Nuts to you: Nick Canon as Will Shakespeare and Anne Armenta as Emilia Bassano in The Lady Revealed. Photo by Justin Curtin. – See more at: http://artandseek.net/2013/04/18/revealing-shakespeares-dark-lady-and-her-texas-relatives/#sthash.Zi9xHqtB.dpuf
Nick Canon as Will Shakespeare and Anne Armenta as Emilia Bassano in the UNT production of The Lady Revealed. Photo by Justin Curtin.
Last year, we reported that the famous ‘Dark Lady’ had made an appearance in North Texas. The UNT Theatre program staged The Lady Revealed, a play about both the ‘Dark Lady’ of Shakespeare’s sonnets and the Oxford don who believed he had discovered the identity of the bewitching mistress whom William Shakespeare worshiped and castigated in print. UNT theater professor Andrew Harris gets to the story of the Dark Lady through the prolific and pugnacious historian A. L. Rowse who ignited a controversy that still simmers today. But The Lady Revealed is also about an Elizabethan woman, Emilia Bassano — a published poet and the daughter of Italian Jewish musicians brought to London by Henry VIII — a woman so unusual and independent for her era, she deserves attention, regardless of whether she really was Shakespeare’s adulterous lover.
Next month, Theatre 3 will present The Lady Revealed for two free performances — with Theatre 3′s founding director Jac Alder playing Rowse.
The full release follows:
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Five stories that have North Texas talking: Season three of the “Dallas” reboot starts tonight; did you catch Vanilla Ice over the weekend?; Rick Perry isn’t ruling out a 2016 presidential bid; and more.
- The third season of “Dallas” debuts tonight at 8 on TNT – so will it be any good? Yes, say several critics. TV Guide explains it this way: “TNT’s Dallas reboot is looking more than ever the way the show did in its ’80s heyday.” “I think this is a sexier, more fun season than we’ve had before,” executive producer Cynthia Cidre told TV Guide. “There are lots of references to the old show in a really fun way.” Most of the Ewings are living at Southfork Ranch and Sue Ellen turns to drinking – yet again. Josh Henderson (who plays John Ross Ewing – the son of J.R. and Sue Ellen) promises in a promotional video: “Things will be rocky. … A ‘Dallas’ season on steroids.” Linda Gray (who plays Sue Ellen) says: “Fasten your seatbelts.” Remember when the stars were filming the current season last fall? Learn about “Dallas” on TNT’s website. Or catch up on the show via the ‘Dallas’ Facebook page. And if you can’t wait until tonight, here’s an extended trailer:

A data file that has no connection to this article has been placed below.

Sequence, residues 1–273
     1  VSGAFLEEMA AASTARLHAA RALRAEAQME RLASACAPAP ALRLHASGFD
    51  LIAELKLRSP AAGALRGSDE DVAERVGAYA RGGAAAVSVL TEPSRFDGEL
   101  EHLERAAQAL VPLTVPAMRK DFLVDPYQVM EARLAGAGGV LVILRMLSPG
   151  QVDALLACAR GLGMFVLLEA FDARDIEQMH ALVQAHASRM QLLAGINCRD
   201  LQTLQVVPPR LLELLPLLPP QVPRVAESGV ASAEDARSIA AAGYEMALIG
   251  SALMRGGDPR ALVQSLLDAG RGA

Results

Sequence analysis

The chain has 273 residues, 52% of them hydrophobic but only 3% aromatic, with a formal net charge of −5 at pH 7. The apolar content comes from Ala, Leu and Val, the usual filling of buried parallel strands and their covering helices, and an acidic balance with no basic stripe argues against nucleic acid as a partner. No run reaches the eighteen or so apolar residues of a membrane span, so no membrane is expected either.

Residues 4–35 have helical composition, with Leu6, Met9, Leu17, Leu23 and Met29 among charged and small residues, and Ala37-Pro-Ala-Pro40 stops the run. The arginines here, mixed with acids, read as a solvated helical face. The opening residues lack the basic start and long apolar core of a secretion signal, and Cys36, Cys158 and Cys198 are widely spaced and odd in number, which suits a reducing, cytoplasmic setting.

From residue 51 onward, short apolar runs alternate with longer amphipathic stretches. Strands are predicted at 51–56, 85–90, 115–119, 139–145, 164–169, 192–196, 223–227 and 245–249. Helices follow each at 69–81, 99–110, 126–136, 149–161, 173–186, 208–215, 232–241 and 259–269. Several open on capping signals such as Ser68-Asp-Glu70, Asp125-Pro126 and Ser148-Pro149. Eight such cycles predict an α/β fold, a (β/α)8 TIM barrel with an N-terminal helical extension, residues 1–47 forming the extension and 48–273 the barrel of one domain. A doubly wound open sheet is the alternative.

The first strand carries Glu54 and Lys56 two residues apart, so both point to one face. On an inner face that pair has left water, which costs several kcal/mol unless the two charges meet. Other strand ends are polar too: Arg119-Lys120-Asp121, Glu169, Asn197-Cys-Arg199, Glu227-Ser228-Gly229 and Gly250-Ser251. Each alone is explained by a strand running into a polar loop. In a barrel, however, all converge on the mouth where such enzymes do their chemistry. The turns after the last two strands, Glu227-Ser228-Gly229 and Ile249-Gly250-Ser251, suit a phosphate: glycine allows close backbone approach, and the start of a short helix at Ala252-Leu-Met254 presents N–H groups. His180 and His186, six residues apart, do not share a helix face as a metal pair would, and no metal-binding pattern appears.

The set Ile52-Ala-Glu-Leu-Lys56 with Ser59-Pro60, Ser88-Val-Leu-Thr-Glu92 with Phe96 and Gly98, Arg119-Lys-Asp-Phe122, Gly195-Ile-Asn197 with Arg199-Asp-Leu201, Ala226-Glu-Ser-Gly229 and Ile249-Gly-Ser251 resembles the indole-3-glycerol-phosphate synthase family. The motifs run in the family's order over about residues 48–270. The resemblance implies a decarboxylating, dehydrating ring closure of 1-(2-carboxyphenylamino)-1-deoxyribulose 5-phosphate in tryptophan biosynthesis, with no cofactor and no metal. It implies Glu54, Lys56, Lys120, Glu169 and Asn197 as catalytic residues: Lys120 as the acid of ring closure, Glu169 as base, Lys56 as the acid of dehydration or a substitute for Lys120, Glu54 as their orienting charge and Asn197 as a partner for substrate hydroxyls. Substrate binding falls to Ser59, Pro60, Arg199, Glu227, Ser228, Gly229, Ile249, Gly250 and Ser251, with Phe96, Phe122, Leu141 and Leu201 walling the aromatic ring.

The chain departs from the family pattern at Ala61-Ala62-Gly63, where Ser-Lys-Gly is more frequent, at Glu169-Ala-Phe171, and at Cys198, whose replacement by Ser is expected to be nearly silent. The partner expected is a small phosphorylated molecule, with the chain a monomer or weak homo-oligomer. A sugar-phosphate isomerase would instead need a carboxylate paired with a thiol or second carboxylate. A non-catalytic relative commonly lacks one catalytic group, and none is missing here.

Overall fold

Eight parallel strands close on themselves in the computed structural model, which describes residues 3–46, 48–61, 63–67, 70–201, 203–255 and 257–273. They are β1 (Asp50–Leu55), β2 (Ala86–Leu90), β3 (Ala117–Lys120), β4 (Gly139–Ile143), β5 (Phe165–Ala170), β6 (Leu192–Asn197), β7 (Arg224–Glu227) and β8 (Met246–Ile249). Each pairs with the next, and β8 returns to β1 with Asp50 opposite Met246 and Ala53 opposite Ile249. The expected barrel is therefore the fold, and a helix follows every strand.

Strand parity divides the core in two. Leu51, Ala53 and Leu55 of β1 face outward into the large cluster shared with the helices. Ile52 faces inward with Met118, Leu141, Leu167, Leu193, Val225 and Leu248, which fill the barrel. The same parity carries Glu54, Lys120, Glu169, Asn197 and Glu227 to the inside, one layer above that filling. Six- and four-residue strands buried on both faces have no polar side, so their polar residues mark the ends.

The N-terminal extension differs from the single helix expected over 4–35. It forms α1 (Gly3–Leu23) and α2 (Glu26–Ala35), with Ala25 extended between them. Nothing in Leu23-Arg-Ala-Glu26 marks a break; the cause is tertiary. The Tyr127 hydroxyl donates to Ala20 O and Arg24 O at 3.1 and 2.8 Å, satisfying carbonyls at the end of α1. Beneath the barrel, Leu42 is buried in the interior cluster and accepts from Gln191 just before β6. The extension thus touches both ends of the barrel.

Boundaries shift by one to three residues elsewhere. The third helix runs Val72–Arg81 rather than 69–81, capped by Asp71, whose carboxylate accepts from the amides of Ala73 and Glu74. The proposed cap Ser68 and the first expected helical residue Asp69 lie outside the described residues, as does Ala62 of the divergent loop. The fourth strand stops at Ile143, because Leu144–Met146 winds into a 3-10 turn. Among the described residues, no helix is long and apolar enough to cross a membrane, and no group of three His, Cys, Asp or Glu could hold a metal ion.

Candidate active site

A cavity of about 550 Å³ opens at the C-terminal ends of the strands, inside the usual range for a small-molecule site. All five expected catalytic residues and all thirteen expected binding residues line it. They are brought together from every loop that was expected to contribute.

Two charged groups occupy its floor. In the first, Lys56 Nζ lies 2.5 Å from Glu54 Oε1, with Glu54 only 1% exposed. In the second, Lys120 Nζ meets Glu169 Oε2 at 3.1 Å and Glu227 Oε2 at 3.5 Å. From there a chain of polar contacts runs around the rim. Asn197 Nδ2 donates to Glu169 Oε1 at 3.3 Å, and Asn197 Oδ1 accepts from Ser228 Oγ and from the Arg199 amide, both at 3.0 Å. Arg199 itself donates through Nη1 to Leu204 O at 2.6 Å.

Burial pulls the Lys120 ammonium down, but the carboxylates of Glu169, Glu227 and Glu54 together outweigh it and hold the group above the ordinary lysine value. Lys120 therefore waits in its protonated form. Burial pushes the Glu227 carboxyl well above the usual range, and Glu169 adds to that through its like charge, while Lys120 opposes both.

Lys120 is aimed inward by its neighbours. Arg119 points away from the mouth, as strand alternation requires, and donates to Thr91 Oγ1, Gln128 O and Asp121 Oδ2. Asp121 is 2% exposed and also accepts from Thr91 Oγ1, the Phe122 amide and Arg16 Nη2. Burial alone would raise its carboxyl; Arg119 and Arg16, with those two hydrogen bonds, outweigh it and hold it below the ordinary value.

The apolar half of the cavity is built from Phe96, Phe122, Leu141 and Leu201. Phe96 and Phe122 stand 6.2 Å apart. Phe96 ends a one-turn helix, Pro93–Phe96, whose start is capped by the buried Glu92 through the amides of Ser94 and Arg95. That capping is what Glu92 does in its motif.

- Dallas’ very own Vanilla Ice showed up at a 1980s-theme party at Gilley’s on Saturday. Were you there? He appeared with other one-hit wonders and four folks dressed up as the Teenage Mutant Ninja Turtles. The Dallas Morning News reports: “[About] 1,000 or so people seemed to be having a grand time reliving the ‘80s on Saturday night. Between acts, party-goers happily milled around Gilley’s side rooms, playing free Atari and Ms. Pac Man games and getting their picture taken next to the Ninja Turtles or a replica of the time-traveling DeLorean car from Back to the Future. A swimsuit-clad female Baywatch ringer walked around giving mouth-to-mouth resuscitation to male admirers.” Vanilla Ice performed “Ice, Ice Baby,” of course. “[He] gave a shout out to Baylor Medical Center, where he was born, and talked about his old stomping grounds of Flower Mound and Carrollton,” The News reported. “There’s no shame in my game,” Ice said.